First day of school begins for many across New Jersey, with most returning to hybrid lessons

Students across New Jersey started school Tuesday, with most returning to hybrid in-person and remote lessons.
The school-year shakeup stems from the state’s response to the COVID-19 outbreak, which has resulted in nearly 195,000 positive cases and more than 14,000 deaths.
Gov. Phil Murphy said 388 school districts opted for a hybrid model, which entails classroom and remote learning. There were 69 districts with all in-person learning, and 238 with all-remote starts. Murphy says 28 districts have schools in them that went with a combination of those models.
The South Brunswick School District has different phases for getting back to school, calling the current phase -- fully remote -- phase four. It has different levels, gradually adding some students into the classrooms that have special needs.
Some of the other big districts in the state that began Tuesday are Newark, which is remote through at least the first marking period, Paterson, which is remote until at least Nov. 1, and Toms River, which is also remote through at least the first marking period. Trenton is remote, and their first day of school for all students is Sept. 10.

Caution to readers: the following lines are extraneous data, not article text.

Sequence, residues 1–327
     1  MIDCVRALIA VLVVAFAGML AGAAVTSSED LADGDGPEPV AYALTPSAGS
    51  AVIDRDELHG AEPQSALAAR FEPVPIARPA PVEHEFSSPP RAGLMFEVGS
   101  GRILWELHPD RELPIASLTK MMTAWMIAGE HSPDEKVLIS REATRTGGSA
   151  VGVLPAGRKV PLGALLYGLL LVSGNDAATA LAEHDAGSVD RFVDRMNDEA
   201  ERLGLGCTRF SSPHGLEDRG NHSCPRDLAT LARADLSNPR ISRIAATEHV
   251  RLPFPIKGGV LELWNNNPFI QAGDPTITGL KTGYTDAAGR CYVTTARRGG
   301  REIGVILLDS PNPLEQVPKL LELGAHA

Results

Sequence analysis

The South Brunswick School District also has remote learning centers in some of its schools, where students can go for their virtual school days, acknowledging that not every student has the ability to learn virtually at home, and many of their parents have to be at work.
Photos: Back to School 2020

“We can actually see kids, not just hear from them,” says Scott Feder, superintendent of the South Brunswick School District. “We're watching kids as they do their remote learning. So, that helps and gives us a lot of information because even when you come back to hybrid model, half of your kids are still remote learning in our district. Over 70% of our parents selected one, right there running at 100% choice. So, for us, remote learning is really important, for us to be able to see how remote warning is happening right in front of us is a huge advantage and allows us to make adjustments on the fly and then make permeated adjustments as we go.”
The district is working to get to a more hybrid phase where some of its students, particularly special needs students, can be in the classrooms.
The Associated Press wire services contributed to this report.